Under a citizenship cloud

Under a citizenship cloud

It is tempting to write about something other than politics this week lest merely talking about the dysfunction of our Federal parliament delivers even greater despondency to our many readers.

There are plenty of personal or non-political things I could muse about…the pain associated with my first pre-season football training (yes I know I am too old but that won’t stop me!), how it feels to be a parent with a son just finished his year 12 exams or even the finer points of fishing.

In fact, almost anything would suffice to ameliorate the frustration attached to the current state of politics.

Let me be clear, this frustration has nothing to do with the marriage survey result last week. The people have spoken and the numbers are there in parliament to redefine marriage. That will happen and the best I can hope to do is to work towards the best possible outcome.

I regret the malaise is due to something much more than a single (although very significant) decision. I cannot help but think the system isn’t working for the Australian people.

The entire parliament is under a citizenship cloud, bringing every decision into question. The executive government is in disarray with perpetual rumblings about another leadership spill.

Meanwhile, the national debt keeps rising and the Australian people become more concerned for their future and that of their children.

The public are not listening to the Prime Minister and have no love for the Leader of the Opposition. A leadership change may solve one matter but would result in different problems. A general election would probably deliver a Shorten-led Labor government which would lead to poorer business conditions, more wasteful spending, higher debt, taxes and living costs – not to mention further erosion of our freedoms.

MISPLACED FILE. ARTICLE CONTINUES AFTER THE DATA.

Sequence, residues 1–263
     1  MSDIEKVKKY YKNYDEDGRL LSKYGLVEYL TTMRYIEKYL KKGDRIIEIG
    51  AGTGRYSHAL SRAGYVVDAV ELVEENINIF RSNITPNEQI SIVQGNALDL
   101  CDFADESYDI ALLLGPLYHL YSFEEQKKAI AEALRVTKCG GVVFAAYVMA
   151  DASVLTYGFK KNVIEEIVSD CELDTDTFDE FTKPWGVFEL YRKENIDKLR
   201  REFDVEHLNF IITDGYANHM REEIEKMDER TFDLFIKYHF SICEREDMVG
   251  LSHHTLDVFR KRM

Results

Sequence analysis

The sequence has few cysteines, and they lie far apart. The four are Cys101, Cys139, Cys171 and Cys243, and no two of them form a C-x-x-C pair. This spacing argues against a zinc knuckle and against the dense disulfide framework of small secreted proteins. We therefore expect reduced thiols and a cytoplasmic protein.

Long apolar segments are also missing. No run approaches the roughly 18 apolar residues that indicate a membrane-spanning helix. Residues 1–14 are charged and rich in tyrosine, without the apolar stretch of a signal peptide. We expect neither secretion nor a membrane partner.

Who can blame anyone for throwing their hands in the air and simply muttering words to the effect of ‘a pox on both your houses’? Unfortunately that won’t make things any better – in fact, for the sake of the nation, our children and our future, we must find a better way.

I believe Australian Conservatives offers that path. We know what we stand for, we apply principle to our decision making and adopt policies built around our shared values.

That way we might reduce our national debt, block government intrusion in our lives, deliver affordable and reliable energy, raise our educational standards and ease cost of living pressures.

We might see some stability and predictability come back into our political system, with a corresponding rise in confidence from the Australian community. Who knows, we could even see a Prime Minister last an entire electoral term!

So whilst there is every justification for us to be disappointed by the current playbook of Australian politics, we need to have an optimistic view of how that might change. Ultimately, if we are to make that change it will be up to every Australian voter.

The real power for change is within our democratic institutions and ultimately comes down to every one of us.

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